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6 Simple cooking tips for the beginner chef
Cooking is a big war to fight off for many people. Finding the presentation of food or the taste similar to the one you saw, in the video of the meal prep is not something you can excel in your first try. Basics are everything for making your food at least edible. Here we share with you a few tips about cooking, if you are an amateur:
1. Read up, prep up
It’s easy to underestimate the importance of prepping before you start cooking, and you’ll be surprised to find out how much time you can save by following this tip. Before you start out, read your recipe carefully and make sure you have the ingredients and the kitchen equipment you need from start to finish. No more fumbling around the fridge or cupboards while your sauce boils over!
2. Pre-heat your pans and ovens
This tip applies to all kinds of cooking – pre-heating the pan seals the juices of meat or slices and gives it a nice brown sear from the moment it hits the pan. Not pre-heating your pan can result in soggy food or vegetables that take too long to turn tender. You can tell if your pan is ready if a few drops of water thrown on the cooking surface “jump” and evaporate.
3. Size matters
When you are boiling food, it’s important to make sure that there’s enough water for the food to “swim”, especially when it comes to pasta, which expands as it cooks. If there’s too much food and too little water, the spaghetti turns clumpy and starchy. Likewise, take note of your pan size when you’re frying on a pan. Try not to add too many pieces of meat or vegetable that you have trouble flipping over, which may not cook evenly.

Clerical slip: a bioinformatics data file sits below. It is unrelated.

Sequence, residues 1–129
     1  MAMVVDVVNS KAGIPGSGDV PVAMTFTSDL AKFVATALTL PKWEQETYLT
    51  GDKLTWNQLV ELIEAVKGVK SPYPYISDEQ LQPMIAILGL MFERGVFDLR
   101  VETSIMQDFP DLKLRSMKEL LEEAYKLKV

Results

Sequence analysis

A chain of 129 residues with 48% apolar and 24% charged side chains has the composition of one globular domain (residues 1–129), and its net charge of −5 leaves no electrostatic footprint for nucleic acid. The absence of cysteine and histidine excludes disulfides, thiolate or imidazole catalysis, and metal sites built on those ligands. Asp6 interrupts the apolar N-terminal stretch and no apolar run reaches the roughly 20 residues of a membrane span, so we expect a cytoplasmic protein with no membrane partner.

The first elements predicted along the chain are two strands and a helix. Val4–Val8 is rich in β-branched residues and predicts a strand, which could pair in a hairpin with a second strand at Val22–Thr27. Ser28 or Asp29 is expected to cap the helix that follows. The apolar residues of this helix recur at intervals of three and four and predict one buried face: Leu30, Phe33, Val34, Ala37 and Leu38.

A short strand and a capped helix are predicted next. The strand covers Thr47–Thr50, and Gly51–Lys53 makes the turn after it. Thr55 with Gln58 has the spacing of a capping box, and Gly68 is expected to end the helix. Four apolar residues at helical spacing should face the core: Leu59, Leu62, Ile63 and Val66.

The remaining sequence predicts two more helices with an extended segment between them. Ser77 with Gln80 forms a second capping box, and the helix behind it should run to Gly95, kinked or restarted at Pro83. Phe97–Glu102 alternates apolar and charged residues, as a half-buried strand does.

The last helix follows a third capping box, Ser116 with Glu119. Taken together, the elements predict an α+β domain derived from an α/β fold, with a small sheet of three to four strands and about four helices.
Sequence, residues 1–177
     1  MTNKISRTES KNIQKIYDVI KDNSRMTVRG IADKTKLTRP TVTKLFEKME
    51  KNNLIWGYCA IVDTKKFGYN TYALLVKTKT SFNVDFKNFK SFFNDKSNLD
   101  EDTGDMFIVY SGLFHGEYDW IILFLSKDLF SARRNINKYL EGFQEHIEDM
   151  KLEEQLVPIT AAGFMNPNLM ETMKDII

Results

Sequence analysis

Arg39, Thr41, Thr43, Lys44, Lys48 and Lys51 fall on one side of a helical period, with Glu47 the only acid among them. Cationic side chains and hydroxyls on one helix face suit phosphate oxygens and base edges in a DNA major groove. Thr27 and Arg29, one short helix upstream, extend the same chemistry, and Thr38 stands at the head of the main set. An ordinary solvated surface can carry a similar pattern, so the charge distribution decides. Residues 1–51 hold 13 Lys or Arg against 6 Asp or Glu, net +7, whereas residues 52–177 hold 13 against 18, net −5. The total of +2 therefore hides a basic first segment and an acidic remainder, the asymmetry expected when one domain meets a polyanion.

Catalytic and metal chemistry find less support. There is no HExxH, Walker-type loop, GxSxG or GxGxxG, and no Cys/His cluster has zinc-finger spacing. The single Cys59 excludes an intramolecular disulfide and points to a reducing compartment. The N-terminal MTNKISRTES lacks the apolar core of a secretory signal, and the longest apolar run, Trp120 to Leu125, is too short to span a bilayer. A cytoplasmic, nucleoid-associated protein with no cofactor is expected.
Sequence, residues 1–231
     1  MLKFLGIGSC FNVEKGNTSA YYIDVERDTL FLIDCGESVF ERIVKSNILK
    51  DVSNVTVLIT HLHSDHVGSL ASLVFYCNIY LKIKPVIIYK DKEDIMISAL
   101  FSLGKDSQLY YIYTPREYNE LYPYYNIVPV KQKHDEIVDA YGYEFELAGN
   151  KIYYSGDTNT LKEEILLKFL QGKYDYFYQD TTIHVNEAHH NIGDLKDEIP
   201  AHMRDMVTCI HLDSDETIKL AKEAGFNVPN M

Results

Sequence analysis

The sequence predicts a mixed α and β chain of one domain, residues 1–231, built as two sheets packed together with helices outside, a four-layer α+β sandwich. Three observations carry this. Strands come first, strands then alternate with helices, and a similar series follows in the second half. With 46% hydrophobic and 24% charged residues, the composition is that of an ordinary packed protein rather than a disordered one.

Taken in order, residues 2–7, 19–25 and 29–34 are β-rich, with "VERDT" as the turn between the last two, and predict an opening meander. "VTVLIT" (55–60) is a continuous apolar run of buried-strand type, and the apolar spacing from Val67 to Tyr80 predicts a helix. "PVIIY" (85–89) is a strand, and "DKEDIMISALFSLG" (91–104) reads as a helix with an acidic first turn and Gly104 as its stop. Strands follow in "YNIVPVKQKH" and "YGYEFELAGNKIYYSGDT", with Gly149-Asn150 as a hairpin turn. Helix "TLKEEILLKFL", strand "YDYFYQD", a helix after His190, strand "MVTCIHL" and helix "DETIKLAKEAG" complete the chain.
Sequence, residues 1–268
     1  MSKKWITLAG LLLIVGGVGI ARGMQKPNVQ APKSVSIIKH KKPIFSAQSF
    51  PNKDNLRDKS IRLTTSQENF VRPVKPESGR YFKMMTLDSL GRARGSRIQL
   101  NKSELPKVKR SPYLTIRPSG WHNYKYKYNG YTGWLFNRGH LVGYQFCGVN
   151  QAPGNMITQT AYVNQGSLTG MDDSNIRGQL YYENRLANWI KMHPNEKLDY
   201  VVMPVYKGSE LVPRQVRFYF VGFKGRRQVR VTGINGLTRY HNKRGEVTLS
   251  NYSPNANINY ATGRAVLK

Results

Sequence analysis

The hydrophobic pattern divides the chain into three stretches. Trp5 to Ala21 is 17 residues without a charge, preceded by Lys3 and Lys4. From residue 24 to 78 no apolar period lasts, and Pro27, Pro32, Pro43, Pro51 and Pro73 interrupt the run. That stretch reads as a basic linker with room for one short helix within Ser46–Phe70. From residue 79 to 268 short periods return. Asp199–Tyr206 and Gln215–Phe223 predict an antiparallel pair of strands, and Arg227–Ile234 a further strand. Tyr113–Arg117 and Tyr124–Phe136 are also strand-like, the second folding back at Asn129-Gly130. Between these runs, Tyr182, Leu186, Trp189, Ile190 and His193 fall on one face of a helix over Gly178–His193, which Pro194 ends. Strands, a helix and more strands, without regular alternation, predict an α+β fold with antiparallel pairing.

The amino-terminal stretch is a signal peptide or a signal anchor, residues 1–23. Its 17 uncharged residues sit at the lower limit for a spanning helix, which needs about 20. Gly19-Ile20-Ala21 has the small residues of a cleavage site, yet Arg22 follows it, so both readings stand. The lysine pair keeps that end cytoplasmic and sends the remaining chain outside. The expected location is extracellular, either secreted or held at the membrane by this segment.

4. Over-mixing doughs and batters
Over-mixing dough and batters can result in chewy, slightly tough cakes and muffins. Using a good kitchen machine or food processor is an easy way to make sure that you gets the consistency you want – just follow the instructions for the right dough or batter texture.
5. Keep tasting
If you’re attempting a dish you seldom prepare or have not cooked before, it’s probably a good idea to keep tasting your food every step of the way to avoid under or over seasoning it. Taste early, and often. If you find that you’ve over seasoned your food, try to dilute it by adding a little lemon juice or vinegar to balance out the flavors.
6. Add garlic at the right ime
Burnt garlic will turn the most well-seasoned meat or vegetable dish bitter. If possible, try to use minced or smashed garlic, which are less likely to burn in the pan. If you’re attempting Western recipes, add the garlic close to the end of the cooking process. If you’re cooking Asian stir-fries, which often call for garlic to be fried in the beginning, watch carefully and make sure to add liquid or turn down the heat once it turns golden brown.
- by Republica
- by Sangita Shrestha
- by Agencies